Since the early 1990s, particularly in sales and property, I have been used to working with all sorts of people, always respecting others and professionalism (and I have been "breaking down the doors" for many years, as we would say colloquially in the trade, selling products to professionals or private customers). I have obtained several reference letters that testify to the authenticity of my professional experience, including as manager and supervisor, and doing so over the course of several years, this evidence having been submitted to other training organizations that are seemingly more independent, leaving them free to verify the information by giving a call to the present management. Coming back to the topic at hand, accepting the visible signs of X’s campaign would be based on a specific commitment that goes, in case you need reminding, beyond the framework of business life, in a climate of strange resemblance to the conventional thinking of our day, which could be loosely described as social democracy, a "global village" or a "full opening".


That doesn’t mean that I support the persistent stalemate that hurts France: I find it extraordinary that modest steps taken by the government to reform the labor market (I have read the draft law), as a pseudo-reform that is typical of excessively lax policies as we have unfortunately seen for several decades, entail substantial violence paralyzing the country because of a gang of thugs (trade unionists and troublemakers), with an absolute disdain for the interests of the people. Every day there are statements to the effect that there are barriers to employment in France and this isn’t a recent occurrence, this system that has long stood for coexistence, through a misleading propaganda (transgender persons, migrants, travelers, undocumented workers, entertainment workers, CPAM and URSSAF workers and other profiteers, such as IUFM/ESPE teachers who have been destroying the education system for almost 30 years now), being falling apart, former allies being now adversaries: leftists as opposed to parliamentarians. This should illustrate that, by seeking to open the borders, all politicians involved are giving rise to conflict instead of calming the situation, and that relationship networks making heavy use of cooptation with efforts to combat discrimination aren’t adapted to the needs of the world, calling for less culture and more pragmatism.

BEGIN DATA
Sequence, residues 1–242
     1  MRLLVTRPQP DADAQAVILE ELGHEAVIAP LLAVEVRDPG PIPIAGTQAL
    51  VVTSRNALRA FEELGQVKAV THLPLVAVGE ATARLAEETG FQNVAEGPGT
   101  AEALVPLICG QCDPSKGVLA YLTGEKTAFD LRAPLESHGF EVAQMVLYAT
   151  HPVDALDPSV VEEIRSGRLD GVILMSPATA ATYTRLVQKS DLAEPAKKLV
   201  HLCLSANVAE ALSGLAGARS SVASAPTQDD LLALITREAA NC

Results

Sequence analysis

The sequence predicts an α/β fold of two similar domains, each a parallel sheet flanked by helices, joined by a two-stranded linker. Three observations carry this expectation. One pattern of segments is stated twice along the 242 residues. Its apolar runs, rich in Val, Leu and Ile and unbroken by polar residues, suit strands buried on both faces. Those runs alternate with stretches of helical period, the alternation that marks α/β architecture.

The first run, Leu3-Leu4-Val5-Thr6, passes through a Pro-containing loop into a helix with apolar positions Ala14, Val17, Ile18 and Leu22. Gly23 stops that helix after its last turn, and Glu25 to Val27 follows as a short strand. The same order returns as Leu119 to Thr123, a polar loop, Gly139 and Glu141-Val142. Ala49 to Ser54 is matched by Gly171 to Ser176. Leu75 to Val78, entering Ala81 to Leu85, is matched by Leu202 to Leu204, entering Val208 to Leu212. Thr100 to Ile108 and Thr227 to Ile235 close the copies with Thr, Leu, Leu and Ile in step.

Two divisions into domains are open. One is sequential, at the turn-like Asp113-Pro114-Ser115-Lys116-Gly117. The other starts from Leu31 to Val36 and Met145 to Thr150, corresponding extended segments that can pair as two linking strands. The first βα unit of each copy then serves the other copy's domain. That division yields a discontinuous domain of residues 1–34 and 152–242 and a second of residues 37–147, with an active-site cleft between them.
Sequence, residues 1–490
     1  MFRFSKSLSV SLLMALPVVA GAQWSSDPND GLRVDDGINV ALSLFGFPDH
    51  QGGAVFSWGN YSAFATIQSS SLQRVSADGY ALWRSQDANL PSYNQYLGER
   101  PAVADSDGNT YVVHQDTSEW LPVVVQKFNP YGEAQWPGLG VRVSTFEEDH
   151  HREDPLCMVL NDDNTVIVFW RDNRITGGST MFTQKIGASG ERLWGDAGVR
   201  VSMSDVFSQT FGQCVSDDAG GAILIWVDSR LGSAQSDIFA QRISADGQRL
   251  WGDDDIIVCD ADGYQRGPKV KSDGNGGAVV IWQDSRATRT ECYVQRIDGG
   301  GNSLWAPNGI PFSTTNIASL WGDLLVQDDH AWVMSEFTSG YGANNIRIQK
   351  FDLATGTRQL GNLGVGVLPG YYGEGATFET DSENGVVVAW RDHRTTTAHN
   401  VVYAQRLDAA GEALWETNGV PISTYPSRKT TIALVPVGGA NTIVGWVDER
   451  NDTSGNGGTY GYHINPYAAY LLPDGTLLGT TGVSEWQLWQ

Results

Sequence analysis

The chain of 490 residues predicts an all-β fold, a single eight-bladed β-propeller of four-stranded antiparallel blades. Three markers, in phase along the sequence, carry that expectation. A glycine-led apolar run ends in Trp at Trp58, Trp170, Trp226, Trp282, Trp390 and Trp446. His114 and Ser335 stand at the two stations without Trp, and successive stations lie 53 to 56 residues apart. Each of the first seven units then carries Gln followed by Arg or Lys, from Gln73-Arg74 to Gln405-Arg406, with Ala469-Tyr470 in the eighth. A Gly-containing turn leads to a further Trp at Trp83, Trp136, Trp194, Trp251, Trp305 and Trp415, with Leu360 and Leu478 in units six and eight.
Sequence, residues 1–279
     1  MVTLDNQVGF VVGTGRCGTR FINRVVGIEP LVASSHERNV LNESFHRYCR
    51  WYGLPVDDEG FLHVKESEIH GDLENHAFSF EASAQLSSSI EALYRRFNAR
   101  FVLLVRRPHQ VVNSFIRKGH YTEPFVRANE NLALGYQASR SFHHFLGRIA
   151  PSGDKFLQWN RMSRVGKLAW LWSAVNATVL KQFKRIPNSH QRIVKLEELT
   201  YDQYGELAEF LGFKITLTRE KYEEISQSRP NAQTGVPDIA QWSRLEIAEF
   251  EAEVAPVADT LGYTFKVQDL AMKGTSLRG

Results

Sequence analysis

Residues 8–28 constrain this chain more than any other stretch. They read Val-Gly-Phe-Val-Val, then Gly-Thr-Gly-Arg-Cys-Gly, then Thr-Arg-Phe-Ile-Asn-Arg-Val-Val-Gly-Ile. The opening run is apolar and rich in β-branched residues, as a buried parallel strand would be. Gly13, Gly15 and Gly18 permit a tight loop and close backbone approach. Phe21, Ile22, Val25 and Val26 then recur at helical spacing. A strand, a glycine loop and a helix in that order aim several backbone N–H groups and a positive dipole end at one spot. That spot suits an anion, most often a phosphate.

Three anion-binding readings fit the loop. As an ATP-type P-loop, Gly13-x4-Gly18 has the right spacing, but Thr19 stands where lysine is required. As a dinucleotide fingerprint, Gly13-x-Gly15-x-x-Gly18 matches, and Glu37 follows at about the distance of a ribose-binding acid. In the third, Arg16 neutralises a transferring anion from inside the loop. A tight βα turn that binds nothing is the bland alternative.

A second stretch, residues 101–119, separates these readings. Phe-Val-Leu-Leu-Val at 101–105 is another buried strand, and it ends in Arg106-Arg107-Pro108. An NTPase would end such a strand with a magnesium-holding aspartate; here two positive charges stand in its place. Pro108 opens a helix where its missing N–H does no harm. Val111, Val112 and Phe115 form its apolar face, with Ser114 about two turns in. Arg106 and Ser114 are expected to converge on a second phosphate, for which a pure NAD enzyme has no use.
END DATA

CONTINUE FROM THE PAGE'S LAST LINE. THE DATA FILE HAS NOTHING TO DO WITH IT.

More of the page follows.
Put more simply, each organization advertises for its own clients: after all, X hasn’t broken any law and its advertising posters aren’t an offence, and therefore each candidate is free to estimate whether his idea about the school concerned, no matter how true (and it’s the last time that I say it), is commensurate with his definition of marketing, as the question of values has been addressed previously. The fact remains that, notwithstanding the high professional qualities that have contributed to X’s good reputation for several decades, the image that X is creating isn’t and never has been the image I want to give, and I refuse to support it, simply because it doesn’t match my past and my current identity. Clearly you may ask me with relevance if assessing posters, charitable events and your sympathy for the Rotary Club is sufficient for me to finally decide not to submit an application, and I think the answer to your question would be yes because, however, it seems to me that there’s a commonality that we share: the notion that advertising affects whether or not people go through that process. Every organization has its own culture, which is primarily more or less neutral, and everyone must be free to choose whether to be a member of it or not.


Worse still, there’s another reason why I feel uncomfortable with your approach: once again, I apologize if I’m mistaken, but it would appear that X devotes significant attention to encouraging the formation and development of new businesses. This is understandable as a part of a Master of Business Administration, even though I’m not the only one, amongst men of action, who wants to become an executive and not an entrepreneur. I know that you’re aware of the situation in France, where there’s a real danger in the creation of new businesses, and this is borne out by the figures, based on the suicidal rate. Everyone knows this.


It’s never easy to be upfront and honest without however being hurtful or offensive and, in this spirit, my choice would be to develop an argument, as I have done right now, to try to achieve this aim with, regrettably, difficulty and no guarantee of success. Now, as to the professional competency focused tests, you can take my name off the list of candidates. I wish to inform you that I will be absent with respect to 28 June and later dates. I oppose the communication of my personal details with third parties and I must remind you that this is a private message, in accordance with the law. I would be much obliged if you could stop calling me. Wishing you the best of luck, and thanking you for taking the time to read this and forgiving me for the inconvenience caused, but it will never happen again, I would be glad if you were to accept, ladies and gentlemen, my expression of deepest gratitude.


Mr. Terence DEN HOED

(alias Eric D. when we were working together)